But the surge has now passed its peak, and officials have begun relaxing movement control rules.

From Friday, for instance, the Klang Valley – the country’s most populous region and key industrial heartland – will move into phase two of a four-step national recovery plan.

Azmin Ali, the minister for international trade and industry, told CNBC on Tuesday that the government would begin treating Covid-19 as endemic by the end of October.

Samuel Tan, an investment analyst with Kenanga Investment Bank, told This Week in Asia the changing tide in Malaysia’s Covid-19 battle bode well for its semiconductor industry.

The sector makes up about 6.8 per cent of Malaysia’s gross domestic product and employs some 575,000 workers.

Globally, Malaysia accounts for seven per cent of the semiconductor trade and 13 per cent of the global testing and packaging capacity.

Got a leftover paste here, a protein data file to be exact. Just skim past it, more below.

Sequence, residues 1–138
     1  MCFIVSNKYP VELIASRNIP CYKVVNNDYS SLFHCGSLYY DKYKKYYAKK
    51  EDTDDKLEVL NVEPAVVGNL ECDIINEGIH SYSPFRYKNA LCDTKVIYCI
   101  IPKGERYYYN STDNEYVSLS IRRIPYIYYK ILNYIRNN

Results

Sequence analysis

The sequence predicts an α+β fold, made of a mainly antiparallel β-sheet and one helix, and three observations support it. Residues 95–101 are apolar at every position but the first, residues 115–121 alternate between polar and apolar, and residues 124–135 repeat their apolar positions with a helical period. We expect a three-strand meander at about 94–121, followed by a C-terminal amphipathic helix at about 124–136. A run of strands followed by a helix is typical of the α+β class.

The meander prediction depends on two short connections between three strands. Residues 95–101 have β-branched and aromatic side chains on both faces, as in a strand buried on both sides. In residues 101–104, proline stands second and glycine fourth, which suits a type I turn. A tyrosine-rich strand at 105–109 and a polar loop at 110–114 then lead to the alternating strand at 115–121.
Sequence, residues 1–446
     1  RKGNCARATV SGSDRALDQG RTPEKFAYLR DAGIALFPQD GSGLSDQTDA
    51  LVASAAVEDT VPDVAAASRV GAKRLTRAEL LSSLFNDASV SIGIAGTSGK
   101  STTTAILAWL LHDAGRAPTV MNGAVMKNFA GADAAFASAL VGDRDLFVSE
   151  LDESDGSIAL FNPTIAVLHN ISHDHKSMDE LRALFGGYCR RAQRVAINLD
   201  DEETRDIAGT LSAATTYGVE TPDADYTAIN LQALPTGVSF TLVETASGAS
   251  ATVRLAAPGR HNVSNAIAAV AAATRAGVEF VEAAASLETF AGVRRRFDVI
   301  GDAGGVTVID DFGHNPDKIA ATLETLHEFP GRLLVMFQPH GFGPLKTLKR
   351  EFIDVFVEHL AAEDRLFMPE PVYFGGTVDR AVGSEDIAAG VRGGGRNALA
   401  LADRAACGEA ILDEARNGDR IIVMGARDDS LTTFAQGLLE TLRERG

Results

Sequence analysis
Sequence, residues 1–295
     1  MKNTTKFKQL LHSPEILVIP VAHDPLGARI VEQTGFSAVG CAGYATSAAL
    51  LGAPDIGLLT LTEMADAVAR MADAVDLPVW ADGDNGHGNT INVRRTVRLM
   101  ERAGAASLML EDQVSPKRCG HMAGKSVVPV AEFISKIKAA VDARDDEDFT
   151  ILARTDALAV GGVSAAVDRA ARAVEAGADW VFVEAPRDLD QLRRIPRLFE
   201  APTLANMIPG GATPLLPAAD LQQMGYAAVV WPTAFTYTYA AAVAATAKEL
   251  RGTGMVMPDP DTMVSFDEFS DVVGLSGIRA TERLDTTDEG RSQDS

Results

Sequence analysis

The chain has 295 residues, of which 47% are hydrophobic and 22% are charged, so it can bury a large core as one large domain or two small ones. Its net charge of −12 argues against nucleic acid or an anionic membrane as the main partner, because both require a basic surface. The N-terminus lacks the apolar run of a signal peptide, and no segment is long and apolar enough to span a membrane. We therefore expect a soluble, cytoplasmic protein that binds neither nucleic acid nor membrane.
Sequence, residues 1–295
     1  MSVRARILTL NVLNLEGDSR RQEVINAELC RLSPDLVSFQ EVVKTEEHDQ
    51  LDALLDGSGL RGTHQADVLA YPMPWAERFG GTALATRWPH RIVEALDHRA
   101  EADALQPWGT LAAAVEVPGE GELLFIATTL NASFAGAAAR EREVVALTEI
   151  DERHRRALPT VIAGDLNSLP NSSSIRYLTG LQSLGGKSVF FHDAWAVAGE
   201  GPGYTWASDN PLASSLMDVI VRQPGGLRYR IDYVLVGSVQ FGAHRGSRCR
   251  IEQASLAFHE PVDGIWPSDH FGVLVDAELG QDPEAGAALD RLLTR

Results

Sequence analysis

There’s a global semiconductor shortage and this is why it matters

There’s a global semiconductor shortage and this is why it matters

Following the disruptions, companies were likely to have taken steps to mitigate any further Covid-19 surges, Tan said.

“I believe a lot of the semiconductor companies have taken precautions like [splitting teams] ... so if there were positive cases they would not have to shut down the entire operation,” the analyst said.

Marring the optimism last week, however, was the shutdown of some plants by the Malaysian semiconductor firm Unisem Berhad after three employees died recently of Covid-19. The plants would be shut until September 15, Bloomberg reported.